Do you measure success?

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“What does success look like?” It is a phrase used in many a project meeting, but what does that really mean? An organisation might be investing substantial amounts of money in to UC project or Intelligent Collaboration/ Teams project but how many use proper data to back up the success of a project? If we look back at historical projects, we will have all heard that line, but when we review those projects there is a large piece of the jigsaw missing.

A client might want to replace their legacy PBX with Skype for Business for example, the project goal is to move all voice to SfB and retire the legacy system. Wonderful, that is a great goal! Well done you 😊 but, the project goes through the motions, requirements, design, pilot, testing, production, sign off, roll out, etc. At the end of the project, the legacy phone system is decommissioned, all users are now on SfB or whatever the solution is. Everyone is happy.

But who goes back and checks? Who puts a quantifiable, measurable check on it? Yes, everyone has their new solution and tools, and the legacy solution is gone, whatever it may have been, but that is where projects tend to stop. Why do organisations not look for proof that their investment is being used properly and realised? Why does nobody say that success is when 90% of my organisation are using the new solution on a daily basis, or I want to see a 60% reduction in internal emails or even I want a 50% reduction in internal meeting travel? Where is that key marker? Where is that proof of cultural and habitual change? If I were a CEO spending, as in a meeting this week, c. €500k on Office 365 licensing alone, would I not want to see evidence that the new solution is being used as intended, and tackling any reasons why it isn’t?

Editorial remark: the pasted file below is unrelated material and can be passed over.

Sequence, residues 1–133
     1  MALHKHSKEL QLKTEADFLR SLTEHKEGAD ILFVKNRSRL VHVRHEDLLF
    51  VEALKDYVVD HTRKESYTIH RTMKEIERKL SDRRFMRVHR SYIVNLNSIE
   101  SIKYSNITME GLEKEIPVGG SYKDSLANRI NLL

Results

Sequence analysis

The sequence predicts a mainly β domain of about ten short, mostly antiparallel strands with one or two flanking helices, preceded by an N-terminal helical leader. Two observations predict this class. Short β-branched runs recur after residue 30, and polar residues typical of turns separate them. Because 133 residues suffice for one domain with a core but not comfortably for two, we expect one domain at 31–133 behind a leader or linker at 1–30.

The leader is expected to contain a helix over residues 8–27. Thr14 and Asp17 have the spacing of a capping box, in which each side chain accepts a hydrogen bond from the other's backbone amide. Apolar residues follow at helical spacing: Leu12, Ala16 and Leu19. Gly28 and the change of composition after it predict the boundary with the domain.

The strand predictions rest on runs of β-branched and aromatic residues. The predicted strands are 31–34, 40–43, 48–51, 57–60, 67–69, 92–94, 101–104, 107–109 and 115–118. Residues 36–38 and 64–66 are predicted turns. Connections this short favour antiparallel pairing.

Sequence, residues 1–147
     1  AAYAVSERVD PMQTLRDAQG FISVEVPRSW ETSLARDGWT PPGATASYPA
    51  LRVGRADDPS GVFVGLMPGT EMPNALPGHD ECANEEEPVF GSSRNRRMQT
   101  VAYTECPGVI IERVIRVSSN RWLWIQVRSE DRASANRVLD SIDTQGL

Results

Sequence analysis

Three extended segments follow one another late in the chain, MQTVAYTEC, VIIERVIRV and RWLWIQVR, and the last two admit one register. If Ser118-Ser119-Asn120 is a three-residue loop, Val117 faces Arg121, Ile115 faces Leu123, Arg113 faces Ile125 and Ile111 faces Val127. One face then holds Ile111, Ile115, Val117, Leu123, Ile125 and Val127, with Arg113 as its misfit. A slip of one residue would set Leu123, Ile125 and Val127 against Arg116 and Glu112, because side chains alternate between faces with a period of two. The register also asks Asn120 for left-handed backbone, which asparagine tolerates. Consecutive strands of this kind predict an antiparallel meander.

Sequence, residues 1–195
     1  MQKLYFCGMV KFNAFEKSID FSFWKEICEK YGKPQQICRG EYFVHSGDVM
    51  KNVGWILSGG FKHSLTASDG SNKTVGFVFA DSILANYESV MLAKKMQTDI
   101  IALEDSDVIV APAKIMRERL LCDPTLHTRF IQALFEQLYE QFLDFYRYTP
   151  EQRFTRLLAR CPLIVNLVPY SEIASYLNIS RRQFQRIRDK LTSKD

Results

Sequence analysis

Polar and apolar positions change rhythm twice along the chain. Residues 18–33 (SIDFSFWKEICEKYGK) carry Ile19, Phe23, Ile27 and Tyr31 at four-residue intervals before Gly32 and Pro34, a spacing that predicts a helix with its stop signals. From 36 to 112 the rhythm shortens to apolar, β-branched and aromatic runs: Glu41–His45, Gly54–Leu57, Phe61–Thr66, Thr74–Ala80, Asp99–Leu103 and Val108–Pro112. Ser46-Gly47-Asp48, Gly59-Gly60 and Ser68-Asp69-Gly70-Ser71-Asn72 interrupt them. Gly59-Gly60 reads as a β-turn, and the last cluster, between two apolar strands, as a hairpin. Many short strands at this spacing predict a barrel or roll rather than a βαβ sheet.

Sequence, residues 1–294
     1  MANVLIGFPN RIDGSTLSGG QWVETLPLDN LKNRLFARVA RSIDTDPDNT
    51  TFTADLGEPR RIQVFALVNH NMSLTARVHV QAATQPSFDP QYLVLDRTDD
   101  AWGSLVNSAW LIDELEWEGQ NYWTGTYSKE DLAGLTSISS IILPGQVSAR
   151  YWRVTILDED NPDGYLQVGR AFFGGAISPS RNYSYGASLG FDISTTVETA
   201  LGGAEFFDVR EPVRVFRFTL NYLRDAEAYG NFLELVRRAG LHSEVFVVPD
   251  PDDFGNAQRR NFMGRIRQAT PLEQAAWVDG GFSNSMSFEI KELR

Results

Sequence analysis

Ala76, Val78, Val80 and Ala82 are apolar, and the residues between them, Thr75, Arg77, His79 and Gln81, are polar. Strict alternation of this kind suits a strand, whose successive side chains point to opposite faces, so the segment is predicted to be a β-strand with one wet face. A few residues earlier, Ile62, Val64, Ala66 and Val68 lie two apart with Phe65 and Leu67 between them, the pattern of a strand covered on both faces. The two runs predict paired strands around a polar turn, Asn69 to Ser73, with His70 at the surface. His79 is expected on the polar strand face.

When discussing Teams, we all too often hear organisations say that they have rolled out it to their users… that doesn’t mean anyone will use it. If you invest in Teams, the associated licensing, the pro services that go with it, then why would you just roll it out and hope for the best. Benchmark where you are, measure your success, not in terms of ‘it’s been deployed’ or “we’ve rolled it out”, but in hard numbers that mean something to the business.

“What does success look like?” It is a phrase used in many a project meeting, but what does that really mean? An organisation might be investing substantial amounts of money in to UC project or Intelligent Collaboration/ Teams project but how many use proper data to back up the success of a project? If we look back at historical projects, we will have all heard that line, but when we review those projects there is a large piece of the jigsaw missing.

A client might want to replace their legacy PBX with Skype for Business for example, the project goal is to move all voice to SfB and retire the legacy system. Wonderful, that is a great goal! Well done you 😊 but, the project goes through the motions, requirements, design, pilot, testing, production, sign off, roll out, etc. At the end of the project, the legacy phone system is decommissioned, all users are now on SfB or whatever the solution is. Everyone is happy.

But who goes back and checks? Who puts a quantifiable, measurable check on it? Yes, everyone has their new solution and tools, and the legacy solution is gone, whatever it may have been, but that is where projects tend to stop. Why do organisations not look for proof that their investment is being used properly and realised? Why do people steer away from saying that success is when 90% of my organisation are using the new solution on a daily basis, or I want to see a 60% reduction in internal travel costs or a 50% reduction in internal email with attachment traffic? Where are those key markers? Where is that proof of cultural, habitual change? If I were a CEO spending, as in a meeting this week, c. €500k on Office 365 licensing alone, would I not want to see evidence that the new solution is being used as intended, and tackling any reasons why it isn’t?

When discussing Teams, we all too often hear organisations say that they have rolled out it to their users… that doesn’t mean anyone will use it. If you invest in Teams, the associated licensing, the pro services that go with it, then why would you just roll it out and hope for the best. Benchmark where you are, measure your success, not in terms of ‘it’s been deployed’ or “we’ve rolled it out”, but in hard numbers that mean something to the business.

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